Crypto Surging in Africa as Alternatives to Traditional Banking

Africa is rarely considered to be one of the larger markets for cryptocurrencies, but with the right factors in place — such as an increasingly tech-savvy populous and inflation triggered by central banks — that might be set to change.

Case in point: The surge in popularity of cryptocurrencies has contributed to the opening of at least 15 new trading venues in South Africa within the past year alone. And peer-to-peer marketplaces also recorded a surge in trading volumes as Bitcoin’s price reached historic highs at the end of last year.

Global wallet and exchange Luno reported 2000 BTC worth of transactions in November 2017, when the coin’s price was hovering in the $10,000 range, and approximately 37% of those transactions occurred in South Africa. Luno began operations in 2013 and boasts 1.5 million users spread across 40 countries — including Indonesia, Malaysia, Nigeria, South Africa, and the U.K. The company has big plans: By 2025, it plans to reach 1 billion customers. To put that in context, North America’s largest cryptocurrency exchange, Coinbase, had 11.7 million users last year. 

The South African government is also making moves. The country’s central bank has launched a program that will trial JPMorgan’s Quorum blockchain in interbank clearing and settlement. According to an official statement dated February 13th, the South African Reserve Bank (SARB) revealed it has established a fintech program that will prioritize, among other things, a project dubbed Khokha to explore a proof-of-concept (PoC) using the tech.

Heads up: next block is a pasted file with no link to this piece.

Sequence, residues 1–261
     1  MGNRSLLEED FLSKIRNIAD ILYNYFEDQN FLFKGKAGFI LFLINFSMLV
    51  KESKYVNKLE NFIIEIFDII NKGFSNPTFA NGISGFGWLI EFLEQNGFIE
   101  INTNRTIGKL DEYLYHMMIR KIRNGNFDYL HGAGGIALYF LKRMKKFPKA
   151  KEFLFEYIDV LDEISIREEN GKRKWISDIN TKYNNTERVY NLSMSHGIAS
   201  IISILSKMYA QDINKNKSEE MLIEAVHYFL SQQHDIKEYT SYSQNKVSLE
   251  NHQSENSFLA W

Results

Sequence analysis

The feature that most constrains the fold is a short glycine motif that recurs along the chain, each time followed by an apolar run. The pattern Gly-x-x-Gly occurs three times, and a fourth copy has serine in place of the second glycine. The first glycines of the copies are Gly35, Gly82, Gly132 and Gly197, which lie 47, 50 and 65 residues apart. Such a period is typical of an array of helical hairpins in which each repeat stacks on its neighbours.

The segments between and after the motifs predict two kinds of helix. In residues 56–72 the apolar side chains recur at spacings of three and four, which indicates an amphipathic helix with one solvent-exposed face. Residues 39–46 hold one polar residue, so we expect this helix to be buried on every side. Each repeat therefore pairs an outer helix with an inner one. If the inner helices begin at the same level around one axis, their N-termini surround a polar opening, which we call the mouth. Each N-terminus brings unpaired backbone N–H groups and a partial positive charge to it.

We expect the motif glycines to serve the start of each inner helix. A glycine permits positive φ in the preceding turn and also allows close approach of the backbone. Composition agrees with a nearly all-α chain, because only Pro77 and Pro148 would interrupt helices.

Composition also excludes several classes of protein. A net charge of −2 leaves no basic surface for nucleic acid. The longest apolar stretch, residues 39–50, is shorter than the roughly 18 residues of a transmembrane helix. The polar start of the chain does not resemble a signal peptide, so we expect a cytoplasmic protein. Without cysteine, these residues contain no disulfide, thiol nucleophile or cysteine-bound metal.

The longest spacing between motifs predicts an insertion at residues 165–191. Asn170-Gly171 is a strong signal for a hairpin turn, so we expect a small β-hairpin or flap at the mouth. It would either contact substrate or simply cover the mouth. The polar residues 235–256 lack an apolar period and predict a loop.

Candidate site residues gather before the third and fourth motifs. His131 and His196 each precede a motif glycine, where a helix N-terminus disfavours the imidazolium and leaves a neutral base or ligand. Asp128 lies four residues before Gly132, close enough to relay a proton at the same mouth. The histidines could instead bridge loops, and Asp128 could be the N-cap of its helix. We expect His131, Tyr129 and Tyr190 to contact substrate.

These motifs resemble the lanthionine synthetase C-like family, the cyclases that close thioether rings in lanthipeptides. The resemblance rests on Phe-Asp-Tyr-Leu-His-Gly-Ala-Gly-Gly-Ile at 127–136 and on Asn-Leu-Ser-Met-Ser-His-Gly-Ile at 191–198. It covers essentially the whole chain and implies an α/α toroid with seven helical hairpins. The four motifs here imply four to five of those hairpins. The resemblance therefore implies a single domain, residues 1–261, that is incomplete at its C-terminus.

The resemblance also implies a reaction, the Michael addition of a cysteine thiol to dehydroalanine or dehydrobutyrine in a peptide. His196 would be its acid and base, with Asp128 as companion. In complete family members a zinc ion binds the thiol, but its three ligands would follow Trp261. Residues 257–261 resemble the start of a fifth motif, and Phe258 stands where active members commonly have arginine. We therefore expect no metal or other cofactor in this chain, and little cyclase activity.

Why is Africa Becoming Such a Big Market?

First, conditions in the continent are conducive to the adoption of cryptocurrencies — with many countries in the continent such as Zimbabwe, South Sudan, and Nigeria, suffering from rampant inflation. What makes cryptocurrencies so appealing is their decentralized method of operation, permitting them to become alternatives to fiat currencies that have been de-railed thanks to disastrous central banking policies.

Second, the increasing use of mobiles and other computing technology within the continent has helped its population become comfortable with cryptocurrency technology. New businesses that use blockchain are emerging all the time: Kenya-based BitPesa, for example, is a payment platform and money transfer service that works with 60 banks around Africa and has seven mobile wallets on its platform.

Third, the threat of government regulation, which has roiled cryptocurrency markets recently, is (presently) fairly low in Africa. While governments and agencies have warned about the dangers of investing in cryptocurrencies, regulators in African countries have taken a hands-off approach to trading at exchanges.  

But Africa is susceptible to the same pressures as cryptocurrency markets in other parts of the globe: Cryptocurrency traders in Africa were paying a premium of as much as 40% in 2017. According to reports, the premium occurred due to a shortage of liquidity, meaning sellers were able to command unrealistically high prices due to high demand from buyers.

Outside the continent, other countries are also looking to cryptocurrencies to help solve their financial woes. Earlier this year Venezuela, which has been crushed by quadruple-digit inflation, announced plans to develop its own token, the Petro, in attempts to turn things around.

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